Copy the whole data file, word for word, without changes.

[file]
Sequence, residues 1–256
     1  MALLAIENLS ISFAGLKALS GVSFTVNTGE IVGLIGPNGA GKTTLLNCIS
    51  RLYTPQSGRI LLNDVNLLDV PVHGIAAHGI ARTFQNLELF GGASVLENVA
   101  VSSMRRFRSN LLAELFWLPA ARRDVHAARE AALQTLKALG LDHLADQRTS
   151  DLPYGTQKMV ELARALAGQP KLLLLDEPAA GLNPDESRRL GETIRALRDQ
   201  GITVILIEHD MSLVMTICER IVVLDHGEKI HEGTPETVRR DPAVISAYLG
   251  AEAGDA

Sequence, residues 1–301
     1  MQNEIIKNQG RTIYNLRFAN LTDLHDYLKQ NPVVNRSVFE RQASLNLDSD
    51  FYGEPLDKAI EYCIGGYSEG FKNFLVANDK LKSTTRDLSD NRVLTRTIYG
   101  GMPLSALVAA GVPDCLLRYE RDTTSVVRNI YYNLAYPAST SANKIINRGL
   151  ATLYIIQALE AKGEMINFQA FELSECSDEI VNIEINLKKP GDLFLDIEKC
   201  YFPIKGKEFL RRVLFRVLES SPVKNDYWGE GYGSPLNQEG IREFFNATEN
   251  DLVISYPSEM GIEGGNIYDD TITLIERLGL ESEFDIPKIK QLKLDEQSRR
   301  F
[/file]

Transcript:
Sequence, residues 1–256
     1  MALLAIENLS ISFAGLKALS GVSFTVNTGE IVGLIGPNGA GKTTLLNCIS
    51  RLYTPQSGRI LLNDVNLLDV PVHGIAAHGI ARTFQNLELF GGASVLENVA
   101  VSSMRRFRSN LLAELFWLPA ARRDVHAARE AALQTLKALG LDHLADQRTS
   151  DLPYGTQKMV ELARALAGQP KLLLLDEPAA GLNPDESRRL GETIRALRDQ
   201  GITVILIEHD MSLVMTICER IVVLDHGEKI HEGTPETVRR DPAVISAYLG
   251  AEAGDA

Sequence, residues 1–301
     1  MQNEIIKNQG RTIYNLRFAN LTDLHDYLKQ NPVVNRSVFE RQASLNLDSD
    51  FYGEPLDKAI EYCIGGYSEG FKNFLVANDK LKSTTRDLSD NRVLTRTIYG
   101  GMPLSALVAA GVPDCLLRYE RDTTSVVRNI YYNLAYPAST SANKIINRGL
   151  ATLYIIQALE AKGEMINFQA FELSECSDEI VNIEINLKKP GDLFLDIEKC
   201  YFPIKGKEFL RRVLFRVLES SPVKNDYWGE GYGSPLNQEG IREFFNATEN
   251  DLVISYPSEM GIEGGNIYDD TITLIERLGL ESEFDIPKIK QLKLDEQSRR
   301  F